The Times West Virginian

Bob Herzel

March 28, 2014

HERTZEL COLUMN: Hard-hitting Karl Joseph eager to lead

MORGANTOWN — His first tackle came in his first game as a West Virginia University Mountaineer, a rivalry game against Marshall.

Now, being a freshman out of Orlando, Fla., back there in 2012, WVU-Marshall may not have seemed like Florida-Florida State to Karl Joseph, but you could not tell it from the way he debuted.

The Thundering Herd’s quarterback Rakeem Cato had just completed a pass to Travon Van and he was trying to get to the first-down marker when he ran into not just Joseph but linebacker Ishmael Banks.

It was the shot heard ’round the world, Joseph hitting him so hard that one tackle into his career there wasn’t a soul who didn’t believe West Virginia had something special on its hands.

Since then he had proved it over and over starting every game of his career and earning, with the sheer reckless abandon with which he plays, a nickname that only he could live up to – “Crazy 8.”

Indeed, 8 is the number on his jersey and “Crazy,” well that is more an image than a slice of reality.

See, Karl Joseph may look as if he’s playing out of control as he punishes running backs and receivers, but that has never been the case.

You ask him how, with a reputation of being a hard-hitter, he does it and keeps it up and you get a surprising answer.

“It’s more about being prepared,” he said, taking some time out from preparing for next season during spring practice. “I work hard watching film and stuff like that. I try to be coachable, allow the coaches to tell me what I’m doing wrong. As long as I feel I’m prepared, I’ll be fine.”

This is not something he has learned as he went along the college trail.

Instead, it was something he brought to WVU with him from Edgewater High in Orlando where he was a two-time Orlando Sentinel Defensive Player of the Year.

As proof of that, we offer an analysis Terence Garvin gave of Joseph in the midst of his freshman season.

“What he does is stuff juniors and seniors will do,” Garvin said. “He can read keys. He knows now to study film. He just really knows how to play football like an older person with experience. It’s impressive.”

This wasn’t just some teammate he was impressing as a freshman. This was a senior who had moved from safety to linebacker to make room for Joseph and a player who would go on to play for the Steelers in the NFL.

So advanced is Joseph, so respected, that this year he was named a team captain for spring drills even though he is just a junior.

“I’m a lot more mature. I accept the role of being a leader,” he said. “I know when it’s time to be serious and when it’s time to have fun in the locker room. I’ve been here a couple of years. I know what it takes to win now.”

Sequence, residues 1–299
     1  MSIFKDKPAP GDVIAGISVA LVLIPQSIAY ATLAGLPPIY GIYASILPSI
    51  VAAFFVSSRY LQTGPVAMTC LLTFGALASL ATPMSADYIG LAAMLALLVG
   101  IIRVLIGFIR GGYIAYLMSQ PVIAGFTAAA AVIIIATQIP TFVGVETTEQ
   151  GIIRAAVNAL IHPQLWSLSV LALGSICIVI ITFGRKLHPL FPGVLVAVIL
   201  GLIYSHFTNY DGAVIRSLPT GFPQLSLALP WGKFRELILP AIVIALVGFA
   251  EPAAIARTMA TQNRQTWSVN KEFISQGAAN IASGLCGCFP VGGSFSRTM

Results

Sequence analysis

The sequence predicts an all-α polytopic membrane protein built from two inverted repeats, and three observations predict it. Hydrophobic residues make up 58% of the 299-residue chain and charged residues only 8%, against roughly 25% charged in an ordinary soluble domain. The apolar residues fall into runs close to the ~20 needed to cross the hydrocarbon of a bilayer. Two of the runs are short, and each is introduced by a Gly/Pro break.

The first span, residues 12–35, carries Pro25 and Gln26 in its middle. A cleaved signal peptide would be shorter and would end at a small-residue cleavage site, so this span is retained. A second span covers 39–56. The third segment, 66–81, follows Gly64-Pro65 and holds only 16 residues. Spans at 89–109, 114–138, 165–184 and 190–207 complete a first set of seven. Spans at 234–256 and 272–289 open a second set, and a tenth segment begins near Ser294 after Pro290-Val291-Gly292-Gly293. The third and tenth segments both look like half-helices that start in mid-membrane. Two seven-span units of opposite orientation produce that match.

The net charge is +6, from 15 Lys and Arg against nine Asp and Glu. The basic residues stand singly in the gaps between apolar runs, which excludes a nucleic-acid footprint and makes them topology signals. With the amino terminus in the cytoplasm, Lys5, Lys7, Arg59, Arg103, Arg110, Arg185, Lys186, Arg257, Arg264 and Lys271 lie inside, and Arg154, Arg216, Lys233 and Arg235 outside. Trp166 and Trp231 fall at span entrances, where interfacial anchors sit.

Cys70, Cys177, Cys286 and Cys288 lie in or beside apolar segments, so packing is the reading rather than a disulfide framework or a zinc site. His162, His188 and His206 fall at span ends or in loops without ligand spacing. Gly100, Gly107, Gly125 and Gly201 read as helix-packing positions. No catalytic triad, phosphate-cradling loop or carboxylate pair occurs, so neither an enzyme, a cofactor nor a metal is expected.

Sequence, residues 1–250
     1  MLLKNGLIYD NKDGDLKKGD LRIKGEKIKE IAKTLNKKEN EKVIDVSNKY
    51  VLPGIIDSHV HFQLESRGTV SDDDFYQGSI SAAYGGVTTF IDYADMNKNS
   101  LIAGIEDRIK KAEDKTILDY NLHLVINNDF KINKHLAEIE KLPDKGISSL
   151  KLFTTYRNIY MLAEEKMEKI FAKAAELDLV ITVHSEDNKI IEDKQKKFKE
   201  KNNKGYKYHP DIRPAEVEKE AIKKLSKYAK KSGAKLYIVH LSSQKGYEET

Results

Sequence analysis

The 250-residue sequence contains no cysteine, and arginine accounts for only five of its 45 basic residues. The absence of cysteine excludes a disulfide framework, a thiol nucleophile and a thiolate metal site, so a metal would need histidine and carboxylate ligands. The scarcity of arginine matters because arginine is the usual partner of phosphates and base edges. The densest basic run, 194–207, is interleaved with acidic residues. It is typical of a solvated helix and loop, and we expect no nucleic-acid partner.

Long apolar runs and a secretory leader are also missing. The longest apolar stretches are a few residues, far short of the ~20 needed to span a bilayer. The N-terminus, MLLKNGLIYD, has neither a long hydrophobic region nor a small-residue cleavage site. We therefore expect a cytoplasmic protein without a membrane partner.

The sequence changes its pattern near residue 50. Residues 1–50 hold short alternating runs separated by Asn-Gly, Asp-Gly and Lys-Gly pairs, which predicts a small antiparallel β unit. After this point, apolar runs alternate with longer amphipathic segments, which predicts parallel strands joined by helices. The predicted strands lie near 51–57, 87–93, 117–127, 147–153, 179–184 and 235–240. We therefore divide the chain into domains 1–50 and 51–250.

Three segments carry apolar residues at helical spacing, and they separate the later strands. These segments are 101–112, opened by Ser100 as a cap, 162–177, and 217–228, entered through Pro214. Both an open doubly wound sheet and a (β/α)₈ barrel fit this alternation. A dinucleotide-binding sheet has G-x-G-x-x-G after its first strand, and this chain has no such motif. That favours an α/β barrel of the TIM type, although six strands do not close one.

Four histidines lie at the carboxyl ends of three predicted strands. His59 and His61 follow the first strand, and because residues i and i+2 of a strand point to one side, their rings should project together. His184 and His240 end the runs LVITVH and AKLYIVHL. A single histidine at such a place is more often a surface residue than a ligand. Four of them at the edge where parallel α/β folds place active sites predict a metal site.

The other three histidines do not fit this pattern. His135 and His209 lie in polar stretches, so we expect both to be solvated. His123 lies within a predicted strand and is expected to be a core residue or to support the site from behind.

And, again, it comes from the maturity and the approach, the hard work off the field and on it … and we’re not just talking games.

Joseph’s approach to football is full speed ahead, as running back Shawne Alston learned, again back in Joseph’s early days.

It was spring practice, and Alston had taken a handoff and broken through a small hole before running into a pile off offensive and defensive players, one of whom was Joseph.

“I came to a stop,” Alston said.

Joseph didn’t come to a stop.

“Karl kept going. He blew me up a little bit.”

The lesson?

“After that I started running angry all the time,” Alston said.

The odd thing about the hardest of Joseph’s hits is that he doesn’t really feel them.

“Usually, I don’t feel it if I have the proper technique,” he said.

  In fact, sometimes he doesn’t even know how good a play it is.

  “Sometimes I won’t know how hard it is or how good a play it is until I watch the film. I’ll be surprised myself,” he admitted.

And, he says, seldom after leveling someone do they do any trash talking to him.

“I’m usually the one doing most of the talking,” he said, with a smile on his face.

This year, with the return to the 3-3-5 that WVU used to run, Joseph moves from free safety to a position they call Bandit.

“It’s not much of a difference. I’m just on the shorter side of the field now,” Joseph said.

Not a bad idea as that even confines ball carriers and receivers to having less space to avoid Joseph’s hard hits.

To date the change in defenses seems to be making WVU more effective.

“The new defense is very simple. Guys know their keys and where they are supposed to be at on every play. It is going to allow us to play faster,” he said.

Follow Bob Hertzel on Twitter @bhertzel.

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